The power of GIS can be further explored to look into the cities that sound to have more mammography clinics, in the map below :

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This map shows that though Allegheny county hosts Pittsburg, there is a pattern of concentration of clinics in the south relatively more urban part of the city. The pattern correlates with other healthcare facilities in the county that counts towards health equities in this county.

Granulation to the smallest unit possible brings in more refined data on what seems to be different in small scale.

Applicaiton of GIS in Health: Proximity Analysis

GIS is a powerful tool with various applications. One very useful of such is the ability to produce proximity analysis. It essentially gives an idea of how close one variable is to another, cartographically. For example, look into the below map.

Proximity Analysis of Injury with playgrounds, Pittsburg, PA

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I created the above map using the tutorials in ESRI website for ArcGIS & the content from GIS Tutorial for Health. The above map shows the location of injury to residents and looks for how it is related to the playgrounds in the city. A simple analysis using ArcGIS software yielded the following results:

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This helps us have an idea that most of the injuries happen away (1200 feet away, if not atleast 600 feet away) from the playground. Another interpretation of the results would be: 16% more injuries occur more than 600 feet away from the playground as compared to within 600 feet.  we can conclude by simple spatial reading that playgrounds have a probable protective effect against injuries. Let promote playground on the week of the French Opens!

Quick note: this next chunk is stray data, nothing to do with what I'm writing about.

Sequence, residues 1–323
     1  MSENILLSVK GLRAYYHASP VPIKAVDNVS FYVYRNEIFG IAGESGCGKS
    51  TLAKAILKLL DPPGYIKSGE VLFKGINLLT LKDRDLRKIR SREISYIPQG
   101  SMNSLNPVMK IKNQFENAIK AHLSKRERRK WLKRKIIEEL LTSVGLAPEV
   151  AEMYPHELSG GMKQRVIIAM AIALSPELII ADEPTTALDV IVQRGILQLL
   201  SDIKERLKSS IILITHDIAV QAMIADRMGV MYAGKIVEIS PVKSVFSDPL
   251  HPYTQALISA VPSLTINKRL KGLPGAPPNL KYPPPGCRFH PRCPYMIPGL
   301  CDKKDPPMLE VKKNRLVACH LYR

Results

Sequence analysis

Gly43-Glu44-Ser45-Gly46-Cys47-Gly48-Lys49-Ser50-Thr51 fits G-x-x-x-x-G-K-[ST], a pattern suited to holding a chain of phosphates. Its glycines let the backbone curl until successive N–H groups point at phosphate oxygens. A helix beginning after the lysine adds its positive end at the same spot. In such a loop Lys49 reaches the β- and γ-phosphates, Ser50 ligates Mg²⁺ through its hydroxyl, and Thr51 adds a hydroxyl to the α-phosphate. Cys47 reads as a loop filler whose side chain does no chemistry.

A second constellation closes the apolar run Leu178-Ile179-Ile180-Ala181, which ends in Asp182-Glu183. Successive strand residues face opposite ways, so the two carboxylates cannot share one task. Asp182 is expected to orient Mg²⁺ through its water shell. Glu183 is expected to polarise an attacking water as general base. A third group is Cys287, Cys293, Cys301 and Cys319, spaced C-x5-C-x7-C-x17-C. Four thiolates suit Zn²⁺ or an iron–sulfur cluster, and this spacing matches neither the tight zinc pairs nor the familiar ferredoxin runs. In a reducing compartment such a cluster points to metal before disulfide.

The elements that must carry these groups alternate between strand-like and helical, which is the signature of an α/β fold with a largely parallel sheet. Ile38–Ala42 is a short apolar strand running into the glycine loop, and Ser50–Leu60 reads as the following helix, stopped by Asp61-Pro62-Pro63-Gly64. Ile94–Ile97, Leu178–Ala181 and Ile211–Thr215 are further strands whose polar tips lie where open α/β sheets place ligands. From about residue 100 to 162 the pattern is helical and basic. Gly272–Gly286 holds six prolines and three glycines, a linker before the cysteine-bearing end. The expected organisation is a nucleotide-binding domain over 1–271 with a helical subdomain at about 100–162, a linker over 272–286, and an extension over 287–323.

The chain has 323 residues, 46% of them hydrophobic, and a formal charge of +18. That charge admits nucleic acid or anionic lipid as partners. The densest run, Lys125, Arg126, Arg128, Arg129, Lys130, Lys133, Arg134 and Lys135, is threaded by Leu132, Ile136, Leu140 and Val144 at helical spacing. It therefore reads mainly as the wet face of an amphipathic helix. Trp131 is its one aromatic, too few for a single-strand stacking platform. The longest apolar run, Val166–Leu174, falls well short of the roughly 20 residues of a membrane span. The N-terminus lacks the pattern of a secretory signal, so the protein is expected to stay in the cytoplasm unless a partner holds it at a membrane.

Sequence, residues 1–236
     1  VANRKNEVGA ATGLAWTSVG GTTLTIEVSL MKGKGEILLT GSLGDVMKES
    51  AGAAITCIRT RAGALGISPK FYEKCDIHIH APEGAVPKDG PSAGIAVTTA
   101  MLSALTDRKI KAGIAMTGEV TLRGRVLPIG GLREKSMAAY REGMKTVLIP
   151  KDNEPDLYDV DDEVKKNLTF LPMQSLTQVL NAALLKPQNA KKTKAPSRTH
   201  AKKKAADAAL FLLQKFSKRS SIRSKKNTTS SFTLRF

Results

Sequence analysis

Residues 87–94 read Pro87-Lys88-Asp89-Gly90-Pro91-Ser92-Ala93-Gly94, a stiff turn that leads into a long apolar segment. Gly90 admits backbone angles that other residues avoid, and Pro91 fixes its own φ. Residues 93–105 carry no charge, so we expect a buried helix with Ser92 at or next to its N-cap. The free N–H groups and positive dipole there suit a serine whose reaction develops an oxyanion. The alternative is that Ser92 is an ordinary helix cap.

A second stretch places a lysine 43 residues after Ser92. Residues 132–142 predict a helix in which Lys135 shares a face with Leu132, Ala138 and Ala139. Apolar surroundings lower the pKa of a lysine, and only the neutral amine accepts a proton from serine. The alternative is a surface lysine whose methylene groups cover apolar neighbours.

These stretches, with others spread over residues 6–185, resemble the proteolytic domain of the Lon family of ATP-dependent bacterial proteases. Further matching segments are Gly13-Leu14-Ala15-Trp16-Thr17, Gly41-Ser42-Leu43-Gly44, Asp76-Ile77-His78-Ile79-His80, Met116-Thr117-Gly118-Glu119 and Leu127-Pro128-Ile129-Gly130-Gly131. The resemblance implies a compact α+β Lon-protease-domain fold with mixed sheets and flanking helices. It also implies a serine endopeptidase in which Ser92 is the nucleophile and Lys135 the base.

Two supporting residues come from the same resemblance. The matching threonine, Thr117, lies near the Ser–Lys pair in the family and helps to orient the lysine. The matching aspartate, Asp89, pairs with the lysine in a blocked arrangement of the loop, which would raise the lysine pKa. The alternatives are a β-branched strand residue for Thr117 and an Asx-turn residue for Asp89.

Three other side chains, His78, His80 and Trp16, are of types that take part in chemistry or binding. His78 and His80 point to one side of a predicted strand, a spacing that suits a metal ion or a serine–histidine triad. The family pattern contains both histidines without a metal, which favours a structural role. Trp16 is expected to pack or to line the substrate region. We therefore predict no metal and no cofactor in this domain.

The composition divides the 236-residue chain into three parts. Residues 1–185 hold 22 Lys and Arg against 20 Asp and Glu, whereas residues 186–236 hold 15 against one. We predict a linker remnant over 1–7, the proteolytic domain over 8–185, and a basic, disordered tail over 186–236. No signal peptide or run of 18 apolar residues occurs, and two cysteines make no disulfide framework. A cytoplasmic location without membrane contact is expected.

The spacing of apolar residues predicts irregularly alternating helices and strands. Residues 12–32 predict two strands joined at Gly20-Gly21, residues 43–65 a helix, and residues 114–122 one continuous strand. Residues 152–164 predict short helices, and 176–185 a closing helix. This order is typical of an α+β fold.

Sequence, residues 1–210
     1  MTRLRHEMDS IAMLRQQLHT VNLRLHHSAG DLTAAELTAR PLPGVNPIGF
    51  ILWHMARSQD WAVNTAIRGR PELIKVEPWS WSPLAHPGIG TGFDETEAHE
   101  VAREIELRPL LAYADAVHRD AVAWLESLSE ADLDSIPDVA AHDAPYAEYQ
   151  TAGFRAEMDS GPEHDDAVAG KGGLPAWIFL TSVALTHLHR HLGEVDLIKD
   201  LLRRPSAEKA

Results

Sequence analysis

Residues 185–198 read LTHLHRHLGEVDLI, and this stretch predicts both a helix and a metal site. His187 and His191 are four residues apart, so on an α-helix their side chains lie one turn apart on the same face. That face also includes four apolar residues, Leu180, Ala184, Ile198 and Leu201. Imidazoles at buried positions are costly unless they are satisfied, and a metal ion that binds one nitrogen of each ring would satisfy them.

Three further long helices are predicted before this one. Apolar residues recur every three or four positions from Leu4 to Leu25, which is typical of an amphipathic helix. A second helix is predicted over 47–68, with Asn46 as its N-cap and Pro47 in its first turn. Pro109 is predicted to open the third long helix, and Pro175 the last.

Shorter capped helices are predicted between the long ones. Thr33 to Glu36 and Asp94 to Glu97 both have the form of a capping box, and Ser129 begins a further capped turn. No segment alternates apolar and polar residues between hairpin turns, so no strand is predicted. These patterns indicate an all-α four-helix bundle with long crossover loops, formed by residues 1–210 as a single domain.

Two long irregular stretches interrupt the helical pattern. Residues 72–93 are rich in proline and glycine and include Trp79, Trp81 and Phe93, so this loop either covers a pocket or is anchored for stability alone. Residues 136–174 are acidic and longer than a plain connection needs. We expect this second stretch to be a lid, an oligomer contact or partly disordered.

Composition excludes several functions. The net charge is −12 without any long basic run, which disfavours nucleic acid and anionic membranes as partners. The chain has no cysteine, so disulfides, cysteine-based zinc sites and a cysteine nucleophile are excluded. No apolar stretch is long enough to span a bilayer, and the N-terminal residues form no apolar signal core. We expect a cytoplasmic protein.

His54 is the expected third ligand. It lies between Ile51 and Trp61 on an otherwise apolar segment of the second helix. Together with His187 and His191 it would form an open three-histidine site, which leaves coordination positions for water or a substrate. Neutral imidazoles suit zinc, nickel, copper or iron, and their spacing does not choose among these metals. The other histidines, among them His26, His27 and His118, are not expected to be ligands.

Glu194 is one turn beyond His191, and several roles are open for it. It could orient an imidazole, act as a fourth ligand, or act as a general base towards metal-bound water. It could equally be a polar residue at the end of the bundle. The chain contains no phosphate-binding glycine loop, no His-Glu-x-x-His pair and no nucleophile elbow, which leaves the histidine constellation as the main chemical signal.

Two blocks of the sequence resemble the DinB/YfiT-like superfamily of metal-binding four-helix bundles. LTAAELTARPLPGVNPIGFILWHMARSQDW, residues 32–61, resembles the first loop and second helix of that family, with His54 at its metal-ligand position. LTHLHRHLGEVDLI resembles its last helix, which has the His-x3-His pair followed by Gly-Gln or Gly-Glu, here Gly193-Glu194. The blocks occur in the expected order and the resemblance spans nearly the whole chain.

#active lifestyle – happy lifestyle#

Do Socioeconomic Factors Influence Texans’ Decision to Get Vaccinated? – A cartographic Approach

Texas has one of the highest vaccination rates for childhood diseases overall, 97.4%, according to CDC. But the number of children not vaccinated because of their parents’ “personal beliefs”—as opposed to medical reasons—has risen since 2003, when such exemptions were introduced, to more than 44,000 so far in 2017 according to CDC. The 4:3:1:3:3:1:4 series is an overall measure that encompasses many vaccines that are recommended for children. Various demographic factors (sex, gender, race, availability of commercial health insurance) influence the decision to get vaccinated, were looked at.

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The county-level data on the socioeconomic factors were obtained from US Census Bureau (American Factfinder). The health insurance data was obtained from Small Area Health Insurance Estimates (SAHIE). The vaccination rates were obtained from Texas Immunization registry through DSHS. The data was cleaned and geocoded to be analyzed in ArcGIS to produce maps as shown in Figure 1. Pearson’s correlation coefficient was used to analyze the relationship between vaccination rates and independent variable.

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The non-vaccination rates are higher around the major cities of Dallas, Austin-San Antonio, Houston and some northwest Texas counties. Population density has a positive correlation with the non-vaccination rate. Other demographic factors have a positive correlation in certain counties as opposed to others.

 

Source: American FactFinder, Texas Immunisation Registry

The limitation on the immunization data is it being an optional registry so it would not be accurate to run statistics off this information to estimate an immunization rate. In future, it is productive to expand this concept to use regression analysis to try to find the odds of the relationship expressed in the maps and to find if there is a significant association.